“Sometimes when you win you don’t take the time to reflect. We learned some lessons the hard way, but hopefully they’ll benefit us in July.”

The Langford tournament is team shorthand for mistakes made and not to be repeated. The Amsterdam competition, which came a month later, is the reverse — not just because they won, but how.

“We’ve lost some games — big games — in the last minute a few too many times,” Landry said.

In the Amsterdam final against Australia, it seemed possible that was how the story would end again, as the teams traded the lead back and forth. Canada trailed with just a minute and half to go. Then, Landry evaded several defenders and scored the try that put Canada in the lead. On the next play, team captain Kish made sure they kept it.

It was a perfect way to end the season and keep confidence high, Magali Harvey said.

Harvey, who plays both sevens and 15-a-side rugby, worked her way back onto the sevens team after being dropped earlier in the season. She is best known for her spectacular try at the rugby 15s World Cup in Paris last year. In a tense semifinal, with the Canadians in trouble in a scrum on their own try line, her teammates managed to free the ball and she ran 90 metres, dodging French players along the way, to score.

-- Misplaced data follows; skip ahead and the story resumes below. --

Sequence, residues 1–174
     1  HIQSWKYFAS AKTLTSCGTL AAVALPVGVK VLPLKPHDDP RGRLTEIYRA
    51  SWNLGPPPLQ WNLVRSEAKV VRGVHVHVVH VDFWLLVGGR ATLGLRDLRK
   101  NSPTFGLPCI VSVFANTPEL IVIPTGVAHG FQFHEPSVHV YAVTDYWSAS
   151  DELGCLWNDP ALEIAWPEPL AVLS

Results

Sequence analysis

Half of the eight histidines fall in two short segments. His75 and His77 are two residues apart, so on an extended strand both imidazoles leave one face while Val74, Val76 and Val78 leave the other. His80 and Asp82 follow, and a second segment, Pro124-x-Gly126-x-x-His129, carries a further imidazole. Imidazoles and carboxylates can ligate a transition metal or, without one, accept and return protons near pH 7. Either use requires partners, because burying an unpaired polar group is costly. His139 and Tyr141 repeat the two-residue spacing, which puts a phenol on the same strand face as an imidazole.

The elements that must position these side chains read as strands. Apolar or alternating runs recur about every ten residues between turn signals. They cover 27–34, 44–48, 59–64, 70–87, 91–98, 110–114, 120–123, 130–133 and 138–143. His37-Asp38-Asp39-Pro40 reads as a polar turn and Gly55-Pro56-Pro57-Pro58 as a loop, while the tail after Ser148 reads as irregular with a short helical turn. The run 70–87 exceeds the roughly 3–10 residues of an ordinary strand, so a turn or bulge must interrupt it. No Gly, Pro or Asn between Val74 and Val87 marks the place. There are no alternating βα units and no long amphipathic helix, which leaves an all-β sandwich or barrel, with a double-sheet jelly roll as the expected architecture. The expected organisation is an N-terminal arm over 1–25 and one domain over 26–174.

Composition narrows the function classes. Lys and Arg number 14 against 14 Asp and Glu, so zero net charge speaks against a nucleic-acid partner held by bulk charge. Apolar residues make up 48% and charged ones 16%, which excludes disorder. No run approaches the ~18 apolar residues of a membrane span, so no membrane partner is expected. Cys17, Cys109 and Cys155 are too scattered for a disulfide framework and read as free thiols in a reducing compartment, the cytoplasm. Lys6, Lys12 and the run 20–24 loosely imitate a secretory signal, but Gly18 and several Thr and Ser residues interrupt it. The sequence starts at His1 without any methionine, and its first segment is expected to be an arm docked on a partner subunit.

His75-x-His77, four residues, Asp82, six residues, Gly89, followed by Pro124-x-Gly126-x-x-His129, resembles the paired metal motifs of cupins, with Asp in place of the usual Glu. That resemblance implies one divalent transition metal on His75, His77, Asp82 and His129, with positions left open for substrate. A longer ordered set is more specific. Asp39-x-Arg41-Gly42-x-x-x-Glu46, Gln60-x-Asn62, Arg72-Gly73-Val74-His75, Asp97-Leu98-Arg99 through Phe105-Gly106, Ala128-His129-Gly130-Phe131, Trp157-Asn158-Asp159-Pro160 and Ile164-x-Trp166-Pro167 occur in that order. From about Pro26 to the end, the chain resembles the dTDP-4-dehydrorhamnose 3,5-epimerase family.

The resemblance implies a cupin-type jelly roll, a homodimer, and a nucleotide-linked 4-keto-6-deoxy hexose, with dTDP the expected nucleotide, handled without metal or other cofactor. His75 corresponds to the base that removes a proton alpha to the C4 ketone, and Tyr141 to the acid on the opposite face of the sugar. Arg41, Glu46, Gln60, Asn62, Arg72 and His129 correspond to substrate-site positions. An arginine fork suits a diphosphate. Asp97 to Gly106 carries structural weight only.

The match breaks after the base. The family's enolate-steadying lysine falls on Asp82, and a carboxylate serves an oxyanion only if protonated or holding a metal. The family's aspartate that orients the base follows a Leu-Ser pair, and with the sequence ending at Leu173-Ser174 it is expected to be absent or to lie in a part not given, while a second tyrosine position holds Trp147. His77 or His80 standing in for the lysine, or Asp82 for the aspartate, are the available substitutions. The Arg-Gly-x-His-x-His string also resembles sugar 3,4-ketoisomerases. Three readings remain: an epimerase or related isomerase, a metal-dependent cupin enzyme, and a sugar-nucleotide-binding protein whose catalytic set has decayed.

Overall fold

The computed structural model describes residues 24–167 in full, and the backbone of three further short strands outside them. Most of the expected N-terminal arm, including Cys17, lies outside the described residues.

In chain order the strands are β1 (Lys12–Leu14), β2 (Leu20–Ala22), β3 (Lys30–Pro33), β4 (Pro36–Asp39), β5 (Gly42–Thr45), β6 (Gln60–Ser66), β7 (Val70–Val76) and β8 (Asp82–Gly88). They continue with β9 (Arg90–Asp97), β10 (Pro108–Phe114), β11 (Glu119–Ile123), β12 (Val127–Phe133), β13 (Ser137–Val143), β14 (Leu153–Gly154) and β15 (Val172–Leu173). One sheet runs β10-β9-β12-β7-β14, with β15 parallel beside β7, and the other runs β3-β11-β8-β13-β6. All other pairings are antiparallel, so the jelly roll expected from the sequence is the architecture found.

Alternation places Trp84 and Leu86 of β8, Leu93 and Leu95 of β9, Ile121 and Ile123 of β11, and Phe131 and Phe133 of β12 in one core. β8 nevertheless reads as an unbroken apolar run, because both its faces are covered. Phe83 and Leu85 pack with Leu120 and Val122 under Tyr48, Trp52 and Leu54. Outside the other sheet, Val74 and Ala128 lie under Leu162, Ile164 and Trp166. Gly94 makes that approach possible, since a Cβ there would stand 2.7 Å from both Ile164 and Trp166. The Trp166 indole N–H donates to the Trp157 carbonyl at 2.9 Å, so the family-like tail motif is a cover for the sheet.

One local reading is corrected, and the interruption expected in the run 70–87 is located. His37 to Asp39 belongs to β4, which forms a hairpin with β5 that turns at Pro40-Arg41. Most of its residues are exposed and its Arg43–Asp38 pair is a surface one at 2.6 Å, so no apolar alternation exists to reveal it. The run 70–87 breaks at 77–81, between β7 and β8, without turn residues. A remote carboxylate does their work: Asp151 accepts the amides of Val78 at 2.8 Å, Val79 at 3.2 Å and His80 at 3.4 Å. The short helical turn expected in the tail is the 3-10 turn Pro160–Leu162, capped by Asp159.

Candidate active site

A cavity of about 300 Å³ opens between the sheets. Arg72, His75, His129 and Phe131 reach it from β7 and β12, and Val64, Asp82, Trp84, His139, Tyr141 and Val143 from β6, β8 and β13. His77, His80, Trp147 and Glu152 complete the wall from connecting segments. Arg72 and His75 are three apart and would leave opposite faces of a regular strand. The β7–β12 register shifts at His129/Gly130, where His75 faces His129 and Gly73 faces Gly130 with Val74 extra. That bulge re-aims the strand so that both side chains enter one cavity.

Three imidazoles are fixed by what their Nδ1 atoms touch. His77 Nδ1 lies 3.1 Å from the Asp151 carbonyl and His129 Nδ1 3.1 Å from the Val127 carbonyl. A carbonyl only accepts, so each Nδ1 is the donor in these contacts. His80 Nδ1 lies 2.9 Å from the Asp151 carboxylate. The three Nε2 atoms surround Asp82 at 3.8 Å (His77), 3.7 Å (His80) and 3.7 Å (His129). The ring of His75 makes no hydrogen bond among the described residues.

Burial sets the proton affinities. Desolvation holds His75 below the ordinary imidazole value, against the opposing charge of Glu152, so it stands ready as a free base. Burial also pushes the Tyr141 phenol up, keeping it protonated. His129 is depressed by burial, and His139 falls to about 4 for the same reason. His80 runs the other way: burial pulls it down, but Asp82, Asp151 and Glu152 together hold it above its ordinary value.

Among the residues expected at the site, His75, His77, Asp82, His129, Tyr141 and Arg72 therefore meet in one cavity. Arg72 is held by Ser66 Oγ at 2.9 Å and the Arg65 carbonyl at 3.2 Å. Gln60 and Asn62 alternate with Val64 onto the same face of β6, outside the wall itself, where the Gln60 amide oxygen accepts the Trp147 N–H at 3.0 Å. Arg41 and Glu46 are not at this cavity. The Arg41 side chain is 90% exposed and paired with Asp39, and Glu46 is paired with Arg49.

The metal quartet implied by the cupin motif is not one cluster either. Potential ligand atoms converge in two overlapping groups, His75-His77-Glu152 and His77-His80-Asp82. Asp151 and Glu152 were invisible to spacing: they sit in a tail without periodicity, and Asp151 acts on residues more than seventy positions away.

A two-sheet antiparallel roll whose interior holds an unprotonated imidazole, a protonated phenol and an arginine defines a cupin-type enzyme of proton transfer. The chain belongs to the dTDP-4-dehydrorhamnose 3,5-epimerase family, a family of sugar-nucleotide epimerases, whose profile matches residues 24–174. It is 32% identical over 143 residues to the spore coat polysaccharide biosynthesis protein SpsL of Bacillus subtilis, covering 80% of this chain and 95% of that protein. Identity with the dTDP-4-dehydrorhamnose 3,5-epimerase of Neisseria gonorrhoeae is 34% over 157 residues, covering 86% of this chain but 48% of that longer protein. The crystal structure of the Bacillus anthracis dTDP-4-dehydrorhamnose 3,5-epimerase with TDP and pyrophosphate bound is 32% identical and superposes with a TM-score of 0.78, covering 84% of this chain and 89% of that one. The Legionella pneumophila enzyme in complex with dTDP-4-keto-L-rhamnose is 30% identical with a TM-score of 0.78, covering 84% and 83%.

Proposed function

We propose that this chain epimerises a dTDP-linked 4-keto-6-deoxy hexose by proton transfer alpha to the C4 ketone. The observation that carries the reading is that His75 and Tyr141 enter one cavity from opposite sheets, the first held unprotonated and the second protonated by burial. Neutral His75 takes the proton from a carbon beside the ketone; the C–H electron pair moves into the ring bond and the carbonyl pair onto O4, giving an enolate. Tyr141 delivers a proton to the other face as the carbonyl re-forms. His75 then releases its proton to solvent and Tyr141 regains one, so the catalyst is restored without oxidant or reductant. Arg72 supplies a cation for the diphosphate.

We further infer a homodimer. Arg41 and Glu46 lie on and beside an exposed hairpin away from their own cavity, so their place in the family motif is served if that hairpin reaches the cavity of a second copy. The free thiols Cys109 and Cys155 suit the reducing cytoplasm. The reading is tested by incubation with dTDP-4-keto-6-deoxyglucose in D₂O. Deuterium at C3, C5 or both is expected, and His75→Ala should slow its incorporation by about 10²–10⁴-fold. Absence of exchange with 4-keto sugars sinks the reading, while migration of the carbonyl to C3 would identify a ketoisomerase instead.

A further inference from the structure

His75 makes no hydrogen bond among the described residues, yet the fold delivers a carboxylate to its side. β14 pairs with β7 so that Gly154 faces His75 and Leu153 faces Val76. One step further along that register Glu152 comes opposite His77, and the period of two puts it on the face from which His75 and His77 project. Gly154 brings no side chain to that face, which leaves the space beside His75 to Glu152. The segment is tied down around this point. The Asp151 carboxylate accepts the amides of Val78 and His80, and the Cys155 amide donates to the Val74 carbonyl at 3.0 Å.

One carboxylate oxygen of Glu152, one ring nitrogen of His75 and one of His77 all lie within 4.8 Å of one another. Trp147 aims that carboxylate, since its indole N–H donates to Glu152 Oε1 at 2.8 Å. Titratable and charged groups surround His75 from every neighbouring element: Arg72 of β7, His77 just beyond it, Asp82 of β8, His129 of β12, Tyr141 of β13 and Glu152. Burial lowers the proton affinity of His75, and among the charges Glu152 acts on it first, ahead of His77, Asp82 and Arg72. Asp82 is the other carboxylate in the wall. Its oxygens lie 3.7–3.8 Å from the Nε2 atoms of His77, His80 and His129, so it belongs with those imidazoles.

It made sports highlight reels all over the country and, overnight, Harvey became the face of women’s rugby in Canada.

That try showed the Quebec City native has the speed for sevens, but she struggled with the tactics and didn’t always make the best decisions on the pitch. At the same time, other players — there are some 24 training full-time in Victoria, with only 12 named to each tournament team — were improving.

“I had to step it up if I wanted to keep making selections,” Harvey said. “It was a good wakeup call.”

Now, with the team-wide wakeup call in Langford to draw on, this team is looking to win Pan Am gold and get the nation excited about rugby before Rio.

Three Canadians to watch

Jen Kish

The 26-year-old captain from Edmonton is one of the best female sevens players in the world. She’s back after a knee injury and her superior tackling, power with the ball and leadership on and off the field are important for the team.

Ghislaine Landry

The high-scoring 27-year-old from Toronto led the world rugby sevens series in points, amassing 301 in six tournaments. She’s a difference-maker, well-placed to finish off tries set up for her, but also able to create her own opportunities.

Ashley Steacy

The 27-year-old sevens veteran from Lethbridge, Alta., had her first national team cap in 2007 and was just named player of the year by Rugby Canada. A strong scorer and defender she’s also a key decision maker during matches.

Also named: Britt Benn Napanee, Ont.; Hannah Darling, Lakefield, Ont.; Bianca Farella, Montreal; Magali Harvey, Quebec City; Sara Kaljuvee, Ajax; Kayla Moleschi, Williams Lake, B.C.; Karen Pacquin, Quebec City; Kelly Russell, Bolton, Ont.; and Natasha Watcham-Roy Gatineau, Que.

Toronto Star